In an extremely rare occurrence for the Fourth Circuit - which covers Maryland, North Carolina, South Carolina, Virginia and West Virginia - a panel of all 13 active and eligible judges heard the lawyers' arguments.
Meanwhile, a group of 12 state attorneys general and the governor of MS argued that the action is not a "pretext for religious discrimination" and should be allowed to take effect.
But Wall argued it's not the court's role to perform a psycho-analysis on the president, and doing so would set a risky precedent.
"The basic question in this case is whether the mountain of evidence that exists as to the improper motive is going to be looked at by this court or swept under the rug", Omar Jadwat, director of the ACLU's Immigrants' Rights Project, said before the hearing. This claim was challenged by the Fourth Circuit's Judge Paul Niemeyer.
Wall also insisted that despite the fact the countries subject to the ban - Syria, Iran, Yemen, Libya, Somalia and Sudan - have Muslim-majority populations, "this is not a Muslim ban".
If the administration prevails in both the Virginia and San Francisco cases, the USA will be free to temporarily halt issuance of visas to people from Iran, Libya, Somalia, Sudan, Syria and Yemen.
Judge James A. Wynn Jr. questioned whether there has ever been a case where a president made such definitive and specific statements during a campaign and then issued an executive order that appeared to implement those statement without explicitly doing so.
Lawyers for the government argue the ban is necessary for USA security plaintiffs - several refugee rights groups - say the order amounts to a "Muslim ban", something Trump talked about repeatedly when he was running for president.
District Court Judge Theodore Chuang said that the travel ban likely violates the Constitution by disfavouring Muslims, and the the Justice Department appealed that decision in March.
There also were several references during arguments to a statement on Trump's campaign website calling for a Muslim ban, which was taken down on Monday.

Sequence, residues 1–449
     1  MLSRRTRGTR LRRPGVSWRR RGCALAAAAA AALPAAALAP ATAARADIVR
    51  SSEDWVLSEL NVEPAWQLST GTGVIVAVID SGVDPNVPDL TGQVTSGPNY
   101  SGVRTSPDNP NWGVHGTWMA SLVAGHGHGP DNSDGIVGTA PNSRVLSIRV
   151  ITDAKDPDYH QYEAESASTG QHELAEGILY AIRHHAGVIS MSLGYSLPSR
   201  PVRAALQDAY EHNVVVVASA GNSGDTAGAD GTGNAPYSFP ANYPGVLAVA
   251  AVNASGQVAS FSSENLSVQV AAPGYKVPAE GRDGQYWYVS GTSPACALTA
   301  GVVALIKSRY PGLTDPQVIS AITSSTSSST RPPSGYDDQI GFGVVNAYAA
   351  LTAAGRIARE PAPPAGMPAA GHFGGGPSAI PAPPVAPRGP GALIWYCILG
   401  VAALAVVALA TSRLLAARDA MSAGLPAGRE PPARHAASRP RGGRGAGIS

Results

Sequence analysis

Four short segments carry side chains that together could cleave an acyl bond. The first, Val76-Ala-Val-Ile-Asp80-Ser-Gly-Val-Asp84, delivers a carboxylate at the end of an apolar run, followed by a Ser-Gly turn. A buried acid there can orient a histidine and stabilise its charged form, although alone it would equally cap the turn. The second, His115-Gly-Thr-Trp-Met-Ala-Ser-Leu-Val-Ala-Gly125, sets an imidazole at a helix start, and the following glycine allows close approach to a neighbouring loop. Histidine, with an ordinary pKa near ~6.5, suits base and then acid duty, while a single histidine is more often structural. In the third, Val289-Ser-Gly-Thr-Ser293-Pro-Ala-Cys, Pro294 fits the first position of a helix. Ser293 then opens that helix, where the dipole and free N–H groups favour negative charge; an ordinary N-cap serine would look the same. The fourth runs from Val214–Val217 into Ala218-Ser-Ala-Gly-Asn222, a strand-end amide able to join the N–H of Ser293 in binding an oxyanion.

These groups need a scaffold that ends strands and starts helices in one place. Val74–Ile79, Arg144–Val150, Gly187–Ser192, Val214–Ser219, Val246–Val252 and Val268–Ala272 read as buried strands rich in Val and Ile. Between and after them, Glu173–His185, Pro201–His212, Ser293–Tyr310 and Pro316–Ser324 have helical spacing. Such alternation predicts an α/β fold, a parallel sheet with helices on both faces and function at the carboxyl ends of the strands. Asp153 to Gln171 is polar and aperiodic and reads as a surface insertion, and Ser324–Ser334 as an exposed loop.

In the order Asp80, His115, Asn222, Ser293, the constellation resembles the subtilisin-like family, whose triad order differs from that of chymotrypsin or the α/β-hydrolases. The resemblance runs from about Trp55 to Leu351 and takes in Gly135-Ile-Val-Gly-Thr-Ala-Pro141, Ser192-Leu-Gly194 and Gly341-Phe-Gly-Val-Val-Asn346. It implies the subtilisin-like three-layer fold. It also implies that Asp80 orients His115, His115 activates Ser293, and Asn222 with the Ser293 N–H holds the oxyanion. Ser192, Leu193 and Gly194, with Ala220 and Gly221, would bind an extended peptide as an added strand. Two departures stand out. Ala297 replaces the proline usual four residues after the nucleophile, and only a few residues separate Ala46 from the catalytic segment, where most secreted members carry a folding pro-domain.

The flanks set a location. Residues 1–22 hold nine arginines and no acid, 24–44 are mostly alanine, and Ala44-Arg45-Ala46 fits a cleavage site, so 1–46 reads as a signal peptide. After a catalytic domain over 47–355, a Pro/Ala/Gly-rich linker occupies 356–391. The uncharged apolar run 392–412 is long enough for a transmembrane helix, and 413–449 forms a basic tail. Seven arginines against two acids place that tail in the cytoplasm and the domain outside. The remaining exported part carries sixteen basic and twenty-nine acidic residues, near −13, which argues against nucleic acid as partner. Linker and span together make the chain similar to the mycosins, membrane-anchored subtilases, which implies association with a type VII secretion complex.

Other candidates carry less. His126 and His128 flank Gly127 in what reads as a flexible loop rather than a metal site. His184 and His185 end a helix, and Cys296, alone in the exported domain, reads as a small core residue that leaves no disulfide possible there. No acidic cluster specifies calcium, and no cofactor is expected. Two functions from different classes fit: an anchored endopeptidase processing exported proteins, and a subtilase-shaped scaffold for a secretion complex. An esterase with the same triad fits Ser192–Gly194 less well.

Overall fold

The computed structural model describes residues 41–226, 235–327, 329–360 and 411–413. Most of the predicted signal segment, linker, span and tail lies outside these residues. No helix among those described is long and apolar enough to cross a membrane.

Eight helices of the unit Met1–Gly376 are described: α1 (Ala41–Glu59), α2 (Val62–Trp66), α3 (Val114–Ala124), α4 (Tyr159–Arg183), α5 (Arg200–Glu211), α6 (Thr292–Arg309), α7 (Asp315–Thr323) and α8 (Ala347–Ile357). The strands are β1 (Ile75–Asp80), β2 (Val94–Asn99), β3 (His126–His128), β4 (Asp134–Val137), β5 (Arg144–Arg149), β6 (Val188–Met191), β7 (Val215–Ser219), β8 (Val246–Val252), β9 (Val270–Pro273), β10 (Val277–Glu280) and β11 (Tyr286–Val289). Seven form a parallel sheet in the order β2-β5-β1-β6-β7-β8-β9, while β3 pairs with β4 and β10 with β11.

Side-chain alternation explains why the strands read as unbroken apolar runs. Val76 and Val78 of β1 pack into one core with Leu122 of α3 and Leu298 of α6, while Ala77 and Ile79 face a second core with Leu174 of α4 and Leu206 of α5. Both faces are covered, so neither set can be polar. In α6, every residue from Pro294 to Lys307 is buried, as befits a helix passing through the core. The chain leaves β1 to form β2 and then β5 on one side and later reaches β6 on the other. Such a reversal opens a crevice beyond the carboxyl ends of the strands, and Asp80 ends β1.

The administration argues that the court shouldn't question the president's national security decisions based on campaign statements.
Jeffrey Wall, the acting solicitor general, representing the Trump administration, argued that the executive order had a legitimate national security goal, allowing the government to assess the reliability of background information on visa applicants from six countries associated with terrorism. Judges on the appeals court struggled with whether to take Mr Trump's past statements into account when considering the constitutionality of the travel ban.
"This is not a Muslim ban", Acting Solicitor General Jeffrey Wall, told the court during a two-hour hearing.
The original statement even had a quote attributed to then-candidate Trump, in which he said, "Until we are able to determine and understand this problem and the risky threat it poses, our country can not be the victims of horrendous attacks by people that believe only in Jihad, and have no sense of reason or respect for human life". The revised order was also blocked by courts in Maryland and Hawaii after judges found grounds for constitutional violations.
Jadwat said none of that mattered given the history of Trump's views in this case.
The argument that the ban is purely secular has not fared well with judges when the Trump campaign website stated in advance that its goal was "preventing Muslim immigration", which has sounded to a number of courts like an unconstitutional religion-based restriction. Central to both of these cases are public remarks made by Trump and members of his administration during the 2016 election and after his victory, which lawyers argue demonstrate the travel ban is created to explicitly target Muslims and therefore violates the religious protection provisions of the U.S. constitution. Most initial hearings are held before three-judge panels. The court is examining a ruling that blocks the administr. He said Trump was merely seeking "a brief opportunity to assure that the protections are sufficient", and that the legality of his order shouldn't be "based on what we think was in the head of the president".